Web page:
• Share
  • Email
  • Embed
  • Like
  • Save
  • Private Content
Coral Reef Biomineralisation effect by Ocean Acidification
 

Coral Reef Biomineralisation effect by Ocean Acidification

on

  • 995 views

 

Statistics

Views

Total Views
995
Views on SlideShare
995
Embed Views
0

Actions

Likes
0
Downloads
3
Comments
0

0 Embeds 0

No embeds

Accessibility

Categories

Upload Details

Uploaded via as Adobe PDF

Usage Rights

© All Rights Reserved

Report content

Flagged as inappropriate Flag as inappropriate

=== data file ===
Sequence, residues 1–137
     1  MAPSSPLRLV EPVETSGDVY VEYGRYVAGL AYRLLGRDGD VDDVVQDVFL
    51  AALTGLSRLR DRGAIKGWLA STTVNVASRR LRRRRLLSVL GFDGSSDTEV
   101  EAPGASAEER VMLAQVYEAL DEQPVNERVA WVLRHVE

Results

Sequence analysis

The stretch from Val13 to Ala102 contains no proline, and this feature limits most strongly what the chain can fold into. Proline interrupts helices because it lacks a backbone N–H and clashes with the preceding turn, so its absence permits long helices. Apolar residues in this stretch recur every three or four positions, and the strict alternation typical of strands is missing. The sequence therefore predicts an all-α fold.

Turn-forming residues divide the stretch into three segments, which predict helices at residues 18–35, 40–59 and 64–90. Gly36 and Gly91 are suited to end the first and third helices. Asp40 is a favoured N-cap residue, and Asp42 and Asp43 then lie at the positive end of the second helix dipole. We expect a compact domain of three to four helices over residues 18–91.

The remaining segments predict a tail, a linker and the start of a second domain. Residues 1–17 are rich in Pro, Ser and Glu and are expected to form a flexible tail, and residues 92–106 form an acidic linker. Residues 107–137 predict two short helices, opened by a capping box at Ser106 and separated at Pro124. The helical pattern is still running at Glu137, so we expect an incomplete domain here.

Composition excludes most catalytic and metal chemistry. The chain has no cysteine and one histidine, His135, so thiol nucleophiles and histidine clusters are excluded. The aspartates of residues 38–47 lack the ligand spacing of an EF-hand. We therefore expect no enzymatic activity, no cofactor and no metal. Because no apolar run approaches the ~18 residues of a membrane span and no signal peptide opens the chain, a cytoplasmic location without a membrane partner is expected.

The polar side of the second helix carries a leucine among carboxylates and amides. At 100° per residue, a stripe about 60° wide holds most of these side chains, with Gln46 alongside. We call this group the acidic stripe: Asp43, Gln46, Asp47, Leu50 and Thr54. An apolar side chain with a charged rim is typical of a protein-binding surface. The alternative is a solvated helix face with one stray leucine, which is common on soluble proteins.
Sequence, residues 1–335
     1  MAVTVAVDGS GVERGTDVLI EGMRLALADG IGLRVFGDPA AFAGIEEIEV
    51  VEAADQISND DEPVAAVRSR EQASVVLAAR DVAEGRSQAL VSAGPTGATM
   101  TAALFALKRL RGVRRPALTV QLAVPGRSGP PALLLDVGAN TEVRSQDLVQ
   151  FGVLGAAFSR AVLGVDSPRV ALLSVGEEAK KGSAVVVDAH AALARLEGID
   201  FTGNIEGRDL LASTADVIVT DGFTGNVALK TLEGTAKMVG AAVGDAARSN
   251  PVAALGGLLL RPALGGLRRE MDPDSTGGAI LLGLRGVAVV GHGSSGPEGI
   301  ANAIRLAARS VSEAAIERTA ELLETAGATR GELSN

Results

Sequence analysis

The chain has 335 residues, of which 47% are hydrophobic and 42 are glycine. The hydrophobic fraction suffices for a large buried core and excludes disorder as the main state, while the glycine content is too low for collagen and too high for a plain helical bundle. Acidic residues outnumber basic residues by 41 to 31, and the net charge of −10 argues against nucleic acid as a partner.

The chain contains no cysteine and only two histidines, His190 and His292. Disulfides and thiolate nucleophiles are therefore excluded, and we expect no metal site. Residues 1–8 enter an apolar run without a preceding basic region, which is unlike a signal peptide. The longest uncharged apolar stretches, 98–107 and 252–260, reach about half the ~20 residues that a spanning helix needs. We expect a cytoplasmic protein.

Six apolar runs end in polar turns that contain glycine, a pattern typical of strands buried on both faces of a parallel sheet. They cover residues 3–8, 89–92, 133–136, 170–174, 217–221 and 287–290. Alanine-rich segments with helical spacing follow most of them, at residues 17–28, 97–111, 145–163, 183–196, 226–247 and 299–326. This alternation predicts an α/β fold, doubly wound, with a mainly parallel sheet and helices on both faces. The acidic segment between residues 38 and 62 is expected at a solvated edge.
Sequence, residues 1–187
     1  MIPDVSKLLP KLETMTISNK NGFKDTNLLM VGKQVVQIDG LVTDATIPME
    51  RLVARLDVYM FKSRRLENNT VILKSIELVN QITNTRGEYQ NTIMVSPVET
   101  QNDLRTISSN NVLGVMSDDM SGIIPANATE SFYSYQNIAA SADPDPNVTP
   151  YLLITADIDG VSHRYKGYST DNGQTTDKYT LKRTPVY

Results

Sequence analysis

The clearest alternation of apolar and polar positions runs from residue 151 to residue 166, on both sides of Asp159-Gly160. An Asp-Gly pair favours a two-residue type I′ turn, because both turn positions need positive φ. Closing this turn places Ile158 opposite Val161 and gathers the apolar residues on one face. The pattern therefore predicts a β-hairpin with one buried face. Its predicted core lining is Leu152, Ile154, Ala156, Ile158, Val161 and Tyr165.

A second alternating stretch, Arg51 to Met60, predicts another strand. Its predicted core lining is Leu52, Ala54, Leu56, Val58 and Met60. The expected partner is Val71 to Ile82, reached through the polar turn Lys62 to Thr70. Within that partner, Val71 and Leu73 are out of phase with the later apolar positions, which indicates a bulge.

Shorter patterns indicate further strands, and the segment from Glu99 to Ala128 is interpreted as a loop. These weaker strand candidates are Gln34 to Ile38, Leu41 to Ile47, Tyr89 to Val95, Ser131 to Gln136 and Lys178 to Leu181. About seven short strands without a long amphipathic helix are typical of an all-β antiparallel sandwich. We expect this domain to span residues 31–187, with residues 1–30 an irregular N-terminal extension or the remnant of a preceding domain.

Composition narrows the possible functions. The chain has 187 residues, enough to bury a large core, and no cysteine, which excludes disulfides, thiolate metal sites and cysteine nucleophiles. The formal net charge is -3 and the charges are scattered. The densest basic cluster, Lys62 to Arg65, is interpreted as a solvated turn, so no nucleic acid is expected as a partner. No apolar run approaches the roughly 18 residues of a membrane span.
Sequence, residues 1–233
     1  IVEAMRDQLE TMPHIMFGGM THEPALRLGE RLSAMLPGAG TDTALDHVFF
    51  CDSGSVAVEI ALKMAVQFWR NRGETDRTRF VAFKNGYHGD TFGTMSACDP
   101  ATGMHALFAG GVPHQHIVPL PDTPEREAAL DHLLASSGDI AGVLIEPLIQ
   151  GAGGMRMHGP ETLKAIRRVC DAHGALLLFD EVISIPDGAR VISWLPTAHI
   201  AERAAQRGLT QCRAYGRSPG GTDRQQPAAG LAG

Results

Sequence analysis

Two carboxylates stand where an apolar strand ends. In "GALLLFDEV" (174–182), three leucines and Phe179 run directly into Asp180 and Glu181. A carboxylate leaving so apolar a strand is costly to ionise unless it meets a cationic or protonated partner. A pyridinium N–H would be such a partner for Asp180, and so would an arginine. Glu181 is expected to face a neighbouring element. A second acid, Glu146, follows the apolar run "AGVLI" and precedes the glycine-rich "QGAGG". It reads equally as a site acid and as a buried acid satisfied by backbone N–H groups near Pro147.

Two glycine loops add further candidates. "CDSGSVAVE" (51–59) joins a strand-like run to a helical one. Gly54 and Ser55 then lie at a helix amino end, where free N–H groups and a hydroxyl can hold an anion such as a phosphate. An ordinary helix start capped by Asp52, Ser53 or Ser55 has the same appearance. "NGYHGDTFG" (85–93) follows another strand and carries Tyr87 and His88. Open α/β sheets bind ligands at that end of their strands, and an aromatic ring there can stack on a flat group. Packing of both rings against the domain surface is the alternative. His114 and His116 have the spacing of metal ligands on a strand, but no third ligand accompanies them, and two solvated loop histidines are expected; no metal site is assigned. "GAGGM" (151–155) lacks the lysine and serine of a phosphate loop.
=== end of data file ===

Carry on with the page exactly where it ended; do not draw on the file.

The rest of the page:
Flag as inappropriate

Select your reason for flagging this presentation as inappropriate.

Cancel
  • Full Name Full Name Comment goes here.
    Are you sure you want to
    Your message goes here
    Processing…
Post Comment
Edit your comment

    Coral Reef Biomineralisation effect by Ocean Acidification Coral Reef Biomineralisation effect by Ocean Acidification Document Transcript